p.put(PROP_SALT, HEX.encode(salt));
      p.put(PROP_HASH, Hashing.sha512().newHasher().putBytes(salt).putBytes(decryptedBytes).hash().toString());
      p.store(out, null);
      out.flush();
      return new ApiKeyResult();
    } catch (Exception e) {
      return new ApiKeyResult(e);
    }
  }
}
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  1. key.write(passphrase, new FileOutputStream(filename));
    

    I see that the stream is flushed in the write method but it will be cleaner to close it too.

    (Guideline 1-2: Release resources in all cases in the Secure Coding Guidelines for the Java Programming Language, Version 4.0).

  2. return new SecretKeySpec(code.asBytes(), 0, 16, "AES");
    

    I'd create local variables for 0 and 16. What are they supposed to be? Currently they're magic numbers. It would be readable not to force readers to check the implementation or javadoc to figure out their purpose.

    The code has them issue with the null parameter here:

    p.store(out, null);
    
  3. HashCode code = sha1.hashBytes(Bytes.concat(salt, passphrase.getBytes(Charsets.UTF_8)));
    int len = code.writeBytesTo(hash, 0, hash.length);
    System.arraycopy(salt, 0, hash, len, salt.length);
    for (int i = 0; i < iterations; i++) {
        code = sha1.hashBytes(hash);
        len = code.writeBytesTo(hash, 0, hash.length);
        System.arraycopy(salt, 0, hash, len, salt.length);
    }
    

    The code and len variables are used for two different purposes. It would be easier to read if they were separate variables. (Anyway, len is too general, whose length is it? I'd put that information into the name.)

    The same is true here for ciphertext:

    byte[] ciphertext = BASE64.omitPadding().decode(p.getProperty(PROP_ENC_KEY, "0"));
    byte[] salt = Arrays.copyOfRange(ciphertext, 0, SALT_LENGTH);
    ciphertext = Arrays.copyOfRange(ciphertext, SALT_LENGTH, ciphertext.length);
    

    I guess the first array should be called saltedCiphertext.

  4. The read method does more than one thing (as well as the write):

    • handles the Properties object
    • checks the checksum
    • parse input data

    I'd put these functions to separate methods (or classes). Actually, the class is also responsible for more than one thing which violates the single responsibility principle.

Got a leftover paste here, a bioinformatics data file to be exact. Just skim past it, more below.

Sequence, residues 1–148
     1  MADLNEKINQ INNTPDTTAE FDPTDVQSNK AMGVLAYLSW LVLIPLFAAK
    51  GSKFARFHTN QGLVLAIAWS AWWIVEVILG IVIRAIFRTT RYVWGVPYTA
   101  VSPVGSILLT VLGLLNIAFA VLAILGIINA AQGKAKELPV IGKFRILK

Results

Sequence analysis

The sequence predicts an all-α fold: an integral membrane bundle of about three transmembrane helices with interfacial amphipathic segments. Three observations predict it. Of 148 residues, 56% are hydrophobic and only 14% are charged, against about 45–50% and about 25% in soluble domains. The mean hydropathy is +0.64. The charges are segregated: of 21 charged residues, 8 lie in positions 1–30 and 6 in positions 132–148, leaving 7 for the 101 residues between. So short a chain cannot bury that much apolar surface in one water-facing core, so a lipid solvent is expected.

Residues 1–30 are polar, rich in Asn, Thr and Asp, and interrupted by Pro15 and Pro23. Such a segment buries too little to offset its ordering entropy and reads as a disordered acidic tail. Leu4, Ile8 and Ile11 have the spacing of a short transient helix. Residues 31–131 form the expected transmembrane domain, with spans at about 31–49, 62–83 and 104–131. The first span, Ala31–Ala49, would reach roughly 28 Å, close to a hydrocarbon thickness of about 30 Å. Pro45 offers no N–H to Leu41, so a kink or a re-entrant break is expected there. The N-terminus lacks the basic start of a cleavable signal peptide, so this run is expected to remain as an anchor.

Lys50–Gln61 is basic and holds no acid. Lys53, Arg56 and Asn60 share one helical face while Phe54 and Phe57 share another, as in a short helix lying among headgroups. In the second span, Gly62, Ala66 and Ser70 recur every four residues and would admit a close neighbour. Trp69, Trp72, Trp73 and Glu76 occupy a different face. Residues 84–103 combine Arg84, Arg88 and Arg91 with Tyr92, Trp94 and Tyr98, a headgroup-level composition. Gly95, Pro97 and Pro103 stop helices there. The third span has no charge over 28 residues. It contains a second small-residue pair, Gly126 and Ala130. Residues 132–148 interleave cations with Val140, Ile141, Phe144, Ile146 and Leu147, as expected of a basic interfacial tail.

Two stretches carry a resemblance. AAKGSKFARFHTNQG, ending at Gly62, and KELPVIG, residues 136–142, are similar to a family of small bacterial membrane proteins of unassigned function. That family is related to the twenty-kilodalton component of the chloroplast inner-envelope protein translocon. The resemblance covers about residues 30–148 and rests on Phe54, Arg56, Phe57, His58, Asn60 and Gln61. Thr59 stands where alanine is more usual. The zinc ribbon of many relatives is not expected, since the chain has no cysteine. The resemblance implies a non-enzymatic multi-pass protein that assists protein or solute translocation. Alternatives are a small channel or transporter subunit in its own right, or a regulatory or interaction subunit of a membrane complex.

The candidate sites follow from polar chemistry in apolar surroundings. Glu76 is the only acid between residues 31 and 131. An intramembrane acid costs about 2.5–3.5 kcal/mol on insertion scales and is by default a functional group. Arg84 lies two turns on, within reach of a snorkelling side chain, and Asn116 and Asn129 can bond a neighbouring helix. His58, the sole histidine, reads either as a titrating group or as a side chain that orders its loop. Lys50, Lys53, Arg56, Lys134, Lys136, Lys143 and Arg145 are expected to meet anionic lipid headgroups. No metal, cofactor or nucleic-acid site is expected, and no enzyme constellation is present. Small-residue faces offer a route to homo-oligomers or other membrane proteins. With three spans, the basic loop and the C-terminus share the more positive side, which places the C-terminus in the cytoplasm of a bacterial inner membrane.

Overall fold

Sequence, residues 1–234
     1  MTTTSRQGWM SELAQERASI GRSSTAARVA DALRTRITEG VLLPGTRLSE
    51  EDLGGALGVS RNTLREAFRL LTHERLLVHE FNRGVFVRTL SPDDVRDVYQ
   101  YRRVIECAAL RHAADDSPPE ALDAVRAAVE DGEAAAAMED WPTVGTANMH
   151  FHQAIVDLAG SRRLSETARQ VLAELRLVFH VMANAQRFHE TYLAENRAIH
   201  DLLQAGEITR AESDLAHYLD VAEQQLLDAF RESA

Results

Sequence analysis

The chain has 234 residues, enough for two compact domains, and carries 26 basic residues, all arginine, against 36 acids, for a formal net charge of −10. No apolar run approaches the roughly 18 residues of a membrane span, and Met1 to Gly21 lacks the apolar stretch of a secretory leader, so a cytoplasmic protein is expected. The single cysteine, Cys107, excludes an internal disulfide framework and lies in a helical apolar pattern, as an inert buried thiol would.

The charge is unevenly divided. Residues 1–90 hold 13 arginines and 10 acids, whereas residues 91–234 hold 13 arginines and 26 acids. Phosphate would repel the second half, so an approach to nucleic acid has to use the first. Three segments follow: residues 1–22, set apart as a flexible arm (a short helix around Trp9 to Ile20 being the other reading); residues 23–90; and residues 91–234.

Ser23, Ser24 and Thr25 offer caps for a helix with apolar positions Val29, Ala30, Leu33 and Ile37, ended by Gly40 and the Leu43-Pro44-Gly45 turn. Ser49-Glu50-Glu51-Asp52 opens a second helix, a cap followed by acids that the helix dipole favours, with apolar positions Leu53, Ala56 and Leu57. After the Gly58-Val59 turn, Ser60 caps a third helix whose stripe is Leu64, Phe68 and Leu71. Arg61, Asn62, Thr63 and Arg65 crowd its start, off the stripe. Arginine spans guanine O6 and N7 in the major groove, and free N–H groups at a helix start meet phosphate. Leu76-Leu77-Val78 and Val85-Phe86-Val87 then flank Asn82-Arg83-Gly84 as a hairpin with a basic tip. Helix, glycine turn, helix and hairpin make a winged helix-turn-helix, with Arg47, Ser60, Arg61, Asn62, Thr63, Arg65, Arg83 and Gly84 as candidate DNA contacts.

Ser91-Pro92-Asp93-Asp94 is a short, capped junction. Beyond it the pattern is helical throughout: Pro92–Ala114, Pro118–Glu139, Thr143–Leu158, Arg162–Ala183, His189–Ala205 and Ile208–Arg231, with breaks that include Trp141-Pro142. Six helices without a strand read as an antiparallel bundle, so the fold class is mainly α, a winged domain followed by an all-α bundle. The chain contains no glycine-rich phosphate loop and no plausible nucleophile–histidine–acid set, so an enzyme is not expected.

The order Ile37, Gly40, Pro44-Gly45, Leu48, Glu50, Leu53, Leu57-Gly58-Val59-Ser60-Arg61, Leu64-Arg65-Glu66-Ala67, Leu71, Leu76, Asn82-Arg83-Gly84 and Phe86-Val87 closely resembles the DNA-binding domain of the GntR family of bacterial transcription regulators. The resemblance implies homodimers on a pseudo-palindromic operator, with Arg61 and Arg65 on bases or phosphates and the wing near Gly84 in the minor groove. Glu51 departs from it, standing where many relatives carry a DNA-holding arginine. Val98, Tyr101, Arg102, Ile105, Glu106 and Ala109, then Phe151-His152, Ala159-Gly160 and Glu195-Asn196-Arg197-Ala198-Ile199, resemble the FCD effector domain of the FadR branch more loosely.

5. private final String key;
    final String secret;
    

    I guess secret should be also private here.

  6. ApiKey(String key, String secret) {
        this.key = key;
        this.secret = secret;
    }
    

    It's a good practice to validate input parameters. Does it make sense to create an ApiKey instance with null or empty string key or secret? If not, check it and throw a NullPointerException or IllegalArgumentException than postponing the error which is harder to debug.

    If someone creates an ApiKey with null key getKeyBytes() will throw an NPE. The stacktrace of this NPE will contain a stacktrace but it won't be the stacktrace of the real error (the consructor call).

    (Effective Java, Second Edition, Item 38: Check parameters for validity; The Pragmatic Programmer: From Journeyman to Master by Andrew Hunt and David Thomas: Dead Programs Tell No Lies.)

  7. HmacSHA512 could be a named constant, it is used multiple times.

    try {
        mac = Mac.getInstance("HmacSHA512");
    } catch (NoSuchAlgorithmException e) {
        throw new AssertionError(e);
    }
    SecretKeySpec secretKey = new SecretKeySpec(BASE64.decode(secret), "HmacSHA512");
    
  8. I would use longer variable names than p or in. Longer names would make the code more readable since readers don't have to decode the abbreviations every time when they write/maintain the code and don't have to guess which abbreviation the author uses.

    (Clean Code by Robert C. Martin, Avoid Mental Mapping, p25)

  9. byte[] secret;
    secret = Arrays.copyOfRange(plaintext, 0, plaintext.length - 4);
    byte[] checksum = Arrays.copyOfRange(plaintext, plaintext.length - 4, plaintext.length);
    

    I'd create a local variable for plaintext.length - 4. I think the following tells more about the intent of code:

    int checksumLength = 4;
    int secretLength = plaintext.length - checksumLength;
    byte[] secret = Arrays.copyOfRange(plaintext, 0, secretLength);
    byte[] checksum = Arrays.copyOfRange(plaintext, secretLength, plaintext.length);
    

    It even deserves a separate method:

    private static byte[] getVerifiedSecret(final byte[] plaintext) throws ApiKeyException {
        final int checksumLength = 4;
        final int secretLength = plaintext.length - checksumLength;
        final byte[] secret = Arrays.copyOfRange(plaintext, 0, secretLength);
        final byte[] checksum = Arrays.copyOfRange(plaintext, secretLength, plaintext.length);
        if (!Arrays.equals(CRC32.hashBytes(secret).asBytes(), checksum)) {
            throw new ApiKeyException("Wrong passphrase");
        }
        return secret;
    }
    
  10. The main method should be in a separate class (because of the single responsibility principle again) and it should catch the exceptions. Instead of printing the full stacktrace (which is hardly useful for a user), print only the message and log (with a logger) the details to a log file.